During the 1970s, as the scientific evidence of the dangers of environmental tobacco smoke (ETS) was beginning to accumulate, a grassroots movement for nonsmokers' rights emerged (1). When it became evident that tobacco smoke can harm nonsmokers who inhale it passively, the public became less tolerant of smoking in public places and the workplace, and restrictions on smoking began to be implemented, by both government and private businesses. Although the mainstream health establishment was slow to appreciate the significance of the passive smoking issue, the tobacco industry was quick to recognize the need to counter this emerging shift in social attitudes toward smoking, particularly smoking in the workplace, and mobilized its public relations and political resources to deal with the potential threat. It used scientists, who were funded through the Council for Tobacco Research (CTR) special projects and special accounts (see chapter 8), to oppose restrictions on smoking in public places and workplaces, and it organized to fight ballot measures for clean indoor air in California and elsewhere.
The smoke that cigarette smokers draw into their lungs is "mainstream" smoke, while the smoke that comes off the burning tip of a cigarette is "sidestream" smoke. Sidestream smoke actually contains higher
concentrations of many toxic chemicals than mainstream smoke (2), because sidestream smoke is not filtered and because cigarettes burn at a lower temperature when they are smoldering, leading to a less complete, dirtier combustion. The air pollution resulting from sidestream and extracted mainstream smoke is called secondhand smoke or environmental tobacco smoke, and people who breathe this smoke are known as passive smokers or involuntary smokers. Research conducted in the 1970s showed that children exposed to ETS have higher rates of respiratory diseases (2). In 1981 several published studies showed that nonsmoking women married to smokers have a higher risk of dying from lung cancer than nonsmoking women married to nonsmokers (3–5). This work was widely reported in the press, and provided the first strong evidence that passive smoking causes fatal diseases such as lung cancer. Research on ETS rapidly accumulated during the 1980s, and in 1986 major consensus reports by the National Academy of Sciences' National Research Council (6) and the Surgeon General (7) confirmed the evidence that ETS endangers children and causes lung cancer in adults. In 1992 the Environmental Protection Agency listed environmental tobacco smoke as a Class A (known human) carcinogen and a major source of respiratory problems in children (2). Subsequent studies have shown that exposure to ETS also increases the risk of heart disease (8–11).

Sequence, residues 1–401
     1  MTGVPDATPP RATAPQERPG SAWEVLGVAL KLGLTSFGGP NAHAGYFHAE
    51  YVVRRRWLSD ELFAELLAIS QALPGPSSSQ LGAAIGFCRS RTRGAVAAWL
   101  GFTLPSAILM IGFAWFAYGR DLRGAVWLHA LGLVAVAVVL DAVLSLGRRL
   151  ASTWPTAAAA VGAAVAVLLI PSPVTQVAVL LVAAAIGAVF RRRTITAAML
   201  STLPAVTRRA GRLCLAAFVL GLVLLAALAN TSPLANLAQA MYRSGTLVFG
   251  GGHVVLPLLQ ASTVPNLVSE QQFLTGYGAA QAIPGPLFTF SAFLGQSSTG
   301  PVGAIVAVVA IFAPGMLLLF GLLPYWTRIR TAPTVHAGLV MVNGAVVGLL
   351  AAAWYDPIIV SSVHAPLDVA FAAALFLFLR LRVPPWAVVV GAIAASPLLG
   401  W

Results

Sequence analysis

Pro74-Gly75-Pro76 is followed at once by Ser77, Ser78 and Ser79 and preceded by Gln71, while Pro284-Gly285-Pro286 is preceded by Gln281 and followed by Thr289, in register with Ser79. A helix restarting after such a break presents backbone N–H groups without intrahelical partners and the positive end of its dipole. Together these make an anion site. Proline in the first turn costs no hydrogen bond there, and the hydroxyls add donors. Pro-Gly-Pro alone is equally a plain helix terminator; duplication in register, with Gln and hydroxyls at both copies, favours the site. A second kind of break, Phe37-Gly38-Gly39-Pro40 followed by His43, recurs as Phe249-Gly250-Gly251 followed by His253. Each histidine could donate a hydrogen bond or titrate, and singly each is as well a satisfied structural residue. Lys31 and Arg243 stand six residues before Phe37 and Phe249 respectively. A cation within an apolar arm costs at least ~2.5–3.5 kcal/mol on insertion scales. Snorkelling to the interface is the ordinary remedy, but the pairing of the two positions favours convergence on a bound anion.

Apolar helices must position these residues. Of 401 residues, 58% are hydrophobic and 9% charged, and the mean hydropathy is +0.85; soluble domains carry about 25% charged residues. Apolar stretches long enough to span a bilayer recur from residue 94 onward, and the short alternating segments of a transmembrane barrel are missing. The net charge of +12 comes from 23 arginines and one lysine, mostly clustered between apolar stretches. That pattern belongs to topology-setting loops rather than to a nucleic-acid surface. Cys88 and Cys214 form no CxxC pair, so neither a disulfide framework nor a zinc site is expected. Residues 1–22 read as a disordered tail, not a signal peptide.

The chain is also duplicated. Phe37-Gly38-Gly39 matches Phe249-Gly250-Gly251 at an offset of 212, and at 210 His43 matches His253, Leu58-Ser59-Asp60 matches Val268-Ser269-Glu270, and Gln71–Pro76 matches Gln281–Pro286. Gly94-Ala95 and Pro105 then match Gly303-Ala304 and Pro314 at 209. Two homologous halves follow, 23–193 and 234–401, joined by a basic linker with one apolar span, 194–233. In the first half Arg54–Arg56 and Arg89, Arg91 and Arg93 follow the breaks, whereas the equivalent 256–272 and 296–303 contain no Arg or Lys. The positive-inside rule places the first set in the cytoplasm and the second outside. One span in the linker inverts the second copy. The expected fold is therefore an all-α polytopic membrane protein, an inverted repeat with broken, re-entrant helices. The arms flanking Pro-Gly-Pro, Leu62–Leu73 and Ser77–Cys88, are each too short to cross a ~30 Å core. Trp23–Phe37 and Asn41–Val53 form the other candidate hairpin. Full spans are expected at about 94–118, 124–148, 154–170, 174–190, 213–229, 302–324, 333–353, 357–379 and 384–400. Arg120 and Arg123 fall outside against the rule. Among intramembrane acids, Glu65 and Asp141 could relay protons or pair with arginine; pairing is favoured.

In 1978 the Roper Organization conducted a confidential study for the Tobacco Institute on the attitudes of the public toward smoking (12). This report, which was obtained by the Federal Trade Commission and subsequently made public, stated:
The original Surgeon General's report, followed by the first "hazard" warning on cigarette packages, the subsequent "danger" warning on cigarette packages, the removal of cigarette advertising from television and the inclusion of the danger warning in cigarette advertising, were all "blows" of sorts for the tobacco industry. They were, however, blows that the cigarette industry could successfully weather because they were all directed against the smoker himself.
The anti-smoking forces' latest tack, however—on the passive smoking issue—is another matter. What the smoker does to himself may be his business, but what the smoker does to the non-smoker is quite a different matter. ... six out of ten believe that smoking is hazardous to the nonsmoker's health, up sharply over the last four years. More than two-thirds of non-smokers believe it; nearly half of all smokers believe it.
This we see as the most dangerous development yet to the viability of the tobacco industry that has yet occurred [emphasis added]. (p. 6)
The Roper report recommended that the industry engage in research to discredit the evidence that passive smoking is dangerous to nonsmokers.
The strategic and long run antidote to the passive smoking issue is, as we see it, developing and widely publicizing clear-cut, credible, medical evidence that passive smoking is not harmful to the non-smoker's health [emphasis added]. (p. 7)
The documents indicate that the tobacco industry followed this advice.